The Benefits of Nano-Surface and Molecular‑Orientation Limited (nSMOL) Proteolysis for Monoclonal Antibody Drug Analysis

December 5, 2017
Stephane Moreau, Neil Loftus
The Column

Volume 13, Issue 17

Page Number: 37–40

The application of a novel approach that enables a selective proteolysis of the Fab region of monoclonal antibodies (mAbs) is described. The technique is called nano-surface and molecular-orientation limited (nSMOL) proteolysis. By restricting the proteolysis to the complementarity-determining region (CDR) of the mAb, there is considerable reduction in sample complexity and the time required for method set-up and optimization.

Stéphane Moreau1 and Neil Loftus2,1Shimadzu Europa GmbH, Duisburg, Germany, 2Shimadzu Corporation, Manchester, UK

The application of a novel approach that enables a selective proteolysis of the Fab region of monoclonal antibodies (mAbs) is described. The technique is called nano-surface and molecular-orientation limited (nSMOL) proteolysis. By restricting the proteolysis to the complementarity-determining region (CDR) of the mAb, there is considerable reduction in sample complexity and the time required for method set-up and optimization. 

The first commercial development of a therapeutic monoclonal antibody (mAb) in 1986 resulted in Orthoclone OKT3 immunosupressant, which was approved to reduce acute rejection in patients following organ transplants. In the 1990s, the first chimeric mAbs were approved and marked the beginning of a high-impact growth of humanized and then fully human mAbs, treating a range of diseases including cancers, multiple sclerosis, asthma, and rheumatoid arthritis. 

The growth of the mAb market is driven by a number of factors, such as high specificity (resulting in a lower safety risk), the development of new products for new clinical therapies, and the need for a cost-effective supply. It also seems likely that the impact of biosimilars approvals in established therapeutic areas will have a strong influence on drug pricing while reshaping clinical use (1).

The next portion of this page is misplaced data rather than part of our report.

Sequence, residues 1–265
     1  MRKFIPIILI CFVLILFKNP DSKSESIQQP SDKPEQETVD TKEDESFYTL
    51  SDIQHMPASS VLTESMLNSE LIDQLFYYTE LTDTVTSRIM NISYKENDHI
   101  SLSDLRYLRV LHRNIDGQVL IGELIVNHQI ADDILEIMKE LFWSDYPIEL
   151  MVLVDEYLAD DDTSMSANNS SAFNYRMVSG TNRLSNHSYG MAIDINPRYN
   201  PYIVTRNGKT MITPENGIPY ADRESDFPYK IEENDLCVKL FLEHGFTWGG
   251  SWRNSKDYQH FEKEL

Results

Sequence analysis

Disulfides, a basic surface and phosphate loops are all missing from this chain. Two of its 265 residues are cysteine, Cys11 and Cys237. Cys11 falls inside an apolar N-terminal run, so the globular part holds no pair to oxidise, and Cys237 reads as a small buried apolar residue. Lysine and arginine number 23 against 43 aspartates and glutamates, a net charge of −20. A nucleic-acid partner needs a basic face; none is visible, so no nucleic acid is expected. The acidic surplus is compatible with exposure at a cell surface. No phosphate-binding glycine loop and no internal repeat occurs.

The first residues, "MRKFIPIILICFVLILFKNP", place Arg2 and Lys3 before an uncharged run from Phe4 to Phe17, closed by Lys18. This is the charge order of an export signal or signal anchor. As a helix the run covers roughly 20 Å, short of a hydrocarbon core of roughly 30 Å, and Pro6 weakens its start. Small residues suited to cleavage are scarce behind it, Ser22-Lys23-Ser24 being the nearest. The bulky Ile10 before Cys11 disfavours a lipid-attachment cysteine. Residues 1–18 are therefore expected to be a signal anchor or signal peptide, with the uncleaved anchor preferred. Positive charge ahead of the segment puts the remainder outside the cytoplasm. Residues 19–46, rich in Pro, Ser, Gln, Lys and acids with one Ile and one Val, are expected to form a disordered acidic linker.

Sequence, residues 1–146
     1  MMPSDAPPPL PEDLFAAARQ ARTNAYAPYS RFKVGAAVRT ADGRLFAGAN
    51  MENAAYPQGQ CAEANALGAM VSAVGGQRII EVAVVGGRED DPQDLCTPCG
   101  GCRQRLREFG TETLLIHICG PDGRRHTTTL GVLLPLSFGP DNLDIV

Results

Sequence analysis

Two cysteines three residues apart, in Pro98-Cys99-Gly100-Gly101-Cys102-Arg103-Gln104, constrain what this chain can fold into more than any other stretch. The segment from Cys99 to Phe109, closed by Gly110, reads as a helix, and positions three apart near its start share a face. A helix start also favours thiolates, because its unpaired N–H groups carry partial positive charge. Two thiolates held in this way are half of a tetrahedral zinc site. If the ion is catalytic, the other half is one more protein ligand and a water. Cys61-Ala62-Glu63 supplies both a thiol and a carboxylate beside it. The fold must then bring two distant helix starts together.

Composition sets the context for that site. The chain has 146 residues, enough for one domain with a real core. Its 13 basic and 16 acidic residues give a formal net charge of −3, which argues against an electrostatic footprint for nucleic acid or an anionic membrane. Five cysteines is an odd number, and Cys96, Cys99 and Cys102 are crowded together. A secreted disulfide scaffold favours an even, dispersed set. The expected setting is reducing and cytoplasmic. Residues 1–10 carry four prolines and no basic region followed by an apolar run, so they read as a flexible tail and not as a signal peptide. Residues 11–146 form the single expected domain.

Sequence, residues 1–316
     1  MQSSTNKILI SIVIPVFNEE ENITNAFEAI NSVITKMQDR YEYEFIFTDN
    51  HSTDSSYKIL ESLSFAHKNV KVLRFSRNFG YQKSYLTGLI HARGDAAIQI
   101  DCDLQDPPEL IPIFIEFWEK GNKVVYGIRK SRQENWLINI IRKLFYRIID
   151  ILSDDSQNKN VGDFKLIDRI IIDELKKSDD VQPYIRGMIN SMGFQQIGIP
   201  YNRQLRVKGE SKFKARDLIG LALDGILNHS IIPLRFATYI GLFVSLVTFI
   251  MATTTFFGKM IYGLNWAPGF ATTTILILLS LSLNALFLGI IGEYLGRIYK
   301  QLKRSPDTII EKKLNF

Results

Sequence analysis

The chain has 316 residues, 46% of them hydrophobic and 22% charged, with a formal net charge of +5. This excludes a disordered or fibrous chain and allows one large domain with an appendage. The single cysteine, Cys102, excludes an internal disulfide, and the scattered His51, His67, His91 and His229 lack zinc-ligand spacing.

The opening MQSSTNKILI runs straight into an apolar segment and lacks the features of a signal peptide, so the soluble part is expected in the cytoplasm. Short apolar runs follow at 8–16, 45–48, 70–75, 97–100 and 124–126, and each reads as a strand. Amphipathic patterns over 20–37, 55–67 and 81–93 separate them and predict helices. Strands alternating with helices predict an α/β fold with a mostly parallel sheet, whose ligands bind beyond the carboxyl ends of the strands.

Biotherapies have revolutionized the treatment of chronic inflammatory diseases in their rheumatic (RA, AS, RF), cutaneous (PS), and digestive (CD, UC) forms as well as the treatment of some cancers (Table 1).

Despite the dramatic impact of mAbs to improve clinical outcomes for a number of therapeutic indications, there is growing evidence of extensive “between-subject” variability. This has resulted in therapeutic failures through suboptimal exposure and supports the view that an individualized dosing strategy is needed to ensure that treatment is both safe and effective. This view has been considered for a number of therapeutic areas (2); for example, in inflammatory and malignant disease (3), oncology (4), and rheumatoid arthritis (5).


Alternative Approach: Mass Spectrometry (MS)-Based Assays

Current methods for measuring mAbs use enzyme-linked immunosorbent assay (ELISA) techniques. Whilst there are many advantages in using ELISA-based assays, there are also constraints. Each ELISA kit is specific for a mAb, and the results between different CE-marked ELISA assays may not be directly comparable (6). 

An alternative approach considers mass spectrometry (MS)-based assays. MS techniques use tryptic fragments to generate unique signature peptides specific to each mAb, enabling highly selective detection. Although this method is used universally in quantitative protein analysis, several factors need to be considered in method validation and optimization.